How Does Type 1 Diabetes Affect Your Body?
When your pancreas can only produce insufficient amount of insulin or none at all, you have a medical condition known as type l diabetes. Insulin is sent out to control blood glucose levels that rise too high whenever carbohydrates is consumed. Type 1 diabetics have to depend on insulin injections. Long-term effects of type 1 diabetes can be serious if your blood glucose levels are not kept under control.
When a type 1 diabetic woman becomes pregnant, the possibility of losing the baby is greater. The chances of the baby being born with birth defects are more. Vision problems, pre-eclampsia and hypertension brought on by pregnancy can be experienced by the mother.
When nerves of the feet are damaged and numbed, the chances of getting ulcers, broken skin and sores are more. Then, infection can lead to dead flesh and imminent amputation.
Complications From Diabetes – Video Guide
Capturing the image is the function of the retina. The blood vessels at the retina can be damaged due to the long-term effect of type 1 diabetes. This damage is known as diabetic retinopathy and it can eventually lead to blindness. Other vision disorders due to type 1 diabetes are cataracts and glaucoma.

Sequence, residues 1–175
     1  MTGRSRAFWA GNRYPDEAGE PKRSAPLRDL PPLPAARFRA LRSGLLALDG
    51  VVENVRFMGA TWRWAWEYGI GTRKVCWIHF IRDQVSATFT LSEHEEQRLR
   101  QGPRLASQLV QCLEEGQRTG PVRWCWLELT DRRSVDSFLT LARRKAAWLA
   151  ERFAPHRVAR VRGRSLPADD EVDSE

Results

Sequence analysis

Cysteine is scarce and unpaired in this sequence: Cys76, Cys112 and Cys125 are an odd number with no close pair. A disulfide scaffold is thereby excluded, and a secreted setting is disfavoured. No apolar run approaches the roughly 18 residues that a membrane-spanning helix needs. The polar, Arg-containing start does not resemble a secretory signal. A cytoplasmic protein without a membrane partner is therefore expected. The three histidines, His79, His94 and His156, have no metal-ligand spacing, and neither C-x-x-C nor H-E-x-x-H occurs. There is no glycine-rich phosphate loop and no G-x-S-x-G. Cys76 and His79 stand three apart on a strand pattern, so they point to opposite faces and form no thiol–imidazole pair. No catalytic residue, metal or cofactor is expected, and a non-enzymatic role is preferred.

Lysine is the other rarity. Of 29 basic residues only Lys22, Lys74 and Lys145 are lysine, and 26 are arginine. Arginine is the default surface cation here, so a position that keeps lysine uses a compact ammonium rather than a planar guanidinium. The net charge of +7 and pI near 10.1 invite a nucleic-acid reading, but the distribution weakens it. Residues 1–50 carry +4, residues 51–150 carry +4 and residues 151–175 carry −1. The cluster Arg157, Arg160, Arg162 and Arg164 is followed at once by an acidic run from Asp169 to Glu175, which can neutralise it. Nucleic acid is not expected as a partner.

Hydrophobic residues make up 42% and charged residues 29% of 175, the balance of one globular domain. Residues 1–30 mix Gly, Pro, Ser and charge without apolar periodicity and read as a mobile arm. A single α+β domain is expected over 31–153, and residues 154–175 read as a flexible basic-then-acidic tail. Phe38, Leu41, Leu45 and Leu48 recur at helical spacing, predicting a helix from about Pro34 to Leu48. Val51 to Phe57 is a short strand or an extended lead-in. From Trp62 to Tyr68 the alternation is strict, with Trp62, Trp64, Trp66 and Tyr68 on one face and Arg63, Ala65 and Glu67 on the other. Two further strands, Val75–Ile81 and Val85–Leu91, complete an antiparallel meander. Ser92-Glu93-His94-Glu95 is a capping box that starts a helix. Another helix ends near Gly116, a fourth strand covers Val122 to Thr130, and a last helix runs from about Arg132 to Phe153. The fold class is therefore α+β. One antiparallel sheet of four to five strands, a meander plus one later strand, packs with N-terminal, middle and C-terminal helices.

Your blood vessels and heart will also be affected when you suffer from type 1 diabetes. The Mayo clinic reveals that the possibility of high blood pressure, angina, stroke, heart attack, and atherosclerosis will be greater if you are a type 1 diabetic.
Neuropathy is characterized by damage to the nerves. After some time with type 1 diabetes, there may be injuries to the tiny capillaries and this can lead to nerve damage. Due to such nerve damage, your hands and feet become numb and experience tingling sensations. You may even lose the sense of feeling in them. If it is the nerves in the digestive system which are damaged, you have symptoms like constipation, nausea,vomiting, and diarrhea. If nerves at penis are damaged, men may experience erectile dysfunction.
Waste products in the blood are filtered out by the kidneys. Due to type I diabetes, the capillaries that are essential to this filtration process can get damaged, resulting in kidney disease as well as kidney failure.
When your bones are weak and easily broken as their mineral density is reduced, you get what is known as osteoporosis. Osteoporosis, due to a lower than normal density of the bone mineral, is at greater risk as a long-term effect of type 1 diabetes.